One of the pending tasks I faced until recently in my work was to find a proper way to configure Jenkins to receive notifications from pushes in GitHub and use those to trigger a merge between every modified branch and the master one.

Defining the scenario

When developing within a collaborative environment, there are multiple approaches to divide the work among different teams. The approach we use to build our framework is to create a branch per software component, plus a master one where all the others are merged into.

The merging task may be done manually or automatically. In the former case, one or more members of the team shall scan the chosen repository (e.g. GitHub) for changes, optionally validate them and integrate into the master branch. In the later case, no validation will take place as process will be automatically carried out through scripts. If done correctly (i.e. common structure is respected across branches and any change triggers a merge), an automatic merge should work smoothly.

You can find below the steps I followed to configure our environment so as to pull sources and automatically integrate them into master branch. There are probably other ways, using some existing plug-ins in Jenkins (maybe with Git Plug-in…).

The following steps assume the following:

  • Public repository available in GitHub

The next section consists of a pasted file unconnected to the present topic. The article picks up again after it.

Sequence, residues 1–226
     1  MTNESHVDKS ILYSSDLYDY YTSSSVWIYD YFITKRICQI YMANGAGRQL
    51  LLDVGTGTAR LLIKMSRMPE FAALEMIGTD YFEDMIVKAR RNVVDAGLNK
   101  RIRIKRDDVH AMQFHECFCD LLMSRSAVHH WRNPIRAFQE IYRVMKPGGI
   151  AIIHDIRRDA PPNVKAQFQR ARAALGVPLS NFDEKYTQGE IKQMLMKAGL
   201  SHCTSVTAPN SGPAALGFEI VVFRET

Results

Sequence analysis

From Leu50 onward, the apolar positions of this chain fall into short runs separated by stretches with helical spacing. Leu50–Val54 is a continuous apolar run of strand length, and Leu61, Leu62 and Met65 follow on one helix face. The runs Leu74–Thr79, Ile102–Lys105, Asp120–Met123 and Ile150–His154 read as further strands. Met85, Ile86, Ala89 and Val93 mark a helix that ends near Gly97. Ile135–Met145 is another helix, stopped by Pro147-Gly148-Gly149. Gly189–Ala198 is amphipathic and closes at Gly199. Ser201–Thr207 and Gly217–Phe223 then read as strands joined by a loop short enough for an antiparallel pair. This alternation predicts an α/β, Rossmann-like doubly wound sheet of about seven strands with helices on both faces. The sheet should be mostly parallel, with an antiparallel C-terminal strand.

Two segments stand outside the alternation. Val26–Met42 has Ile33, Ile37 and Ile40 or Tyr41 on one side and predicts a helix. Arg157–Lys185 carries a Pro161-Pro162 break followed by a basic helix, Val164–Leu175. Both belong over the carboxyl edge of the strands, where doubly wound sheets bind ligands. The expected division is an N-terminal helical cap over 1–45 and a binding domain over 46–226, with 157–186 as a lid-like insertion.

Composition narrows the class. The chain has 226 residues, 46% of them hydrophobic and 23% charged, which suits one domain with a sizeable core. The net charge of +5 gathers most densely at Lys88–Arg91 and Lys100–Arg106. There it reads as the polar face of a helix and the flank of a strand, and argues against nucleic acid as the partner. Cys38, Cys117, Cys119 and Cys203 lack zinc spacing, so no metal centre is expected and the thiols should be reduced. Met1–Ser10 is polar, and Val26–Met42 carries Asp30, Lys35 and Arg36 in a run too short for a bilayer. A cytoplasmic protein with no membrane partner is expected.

• Jenkins used as CI tool
  • Organisation of the repository:
    • N branches, one per component (e.g. “component1“, “component2“, …)
    • One branch to merge them (e.g. “master“)
    • Similar or complementing structure across branches (i.e. preferably work in different directories and leave the root clean of files to modify)

Configuring Jenkins

First things first: Jenkins must be installed and configured.

Jenkins will automatically start after some time on the port 8080.

Another port can be chosen in the HTTP_PORT directive under the /etc/default/jenkins file. Also, if you use some DNS for easy access and you wish to use Nginx, you may create a new site file under /etc/nginx/sites-enabled/ and link it from /etc/nginx/sites-available/:

Creating tasks to detect and pull changes

To detect changes in any of the N branches from your project, you should create tasks to retrieve the latest sources upon any change:

Parameterize build

The task will receive a POST request from GitHub, which contains a parameter called “payload” and whose contents are a JSON structure. Thus the task must be parameterized, by using a text value with the name “payload“.

Parameterize the task with a text value

Parameterize the task with a text value

Fetching sources, checking branches out

Set up the repository details to pull the source code and check out to the specific branch (e.g. “component1“). You may also place the code in a specific directory, e.g. outside the Jenkins workspace.

Set up repository details and check out behaviour

Set up repository details and check out behaviour

Enable triggering builds remotely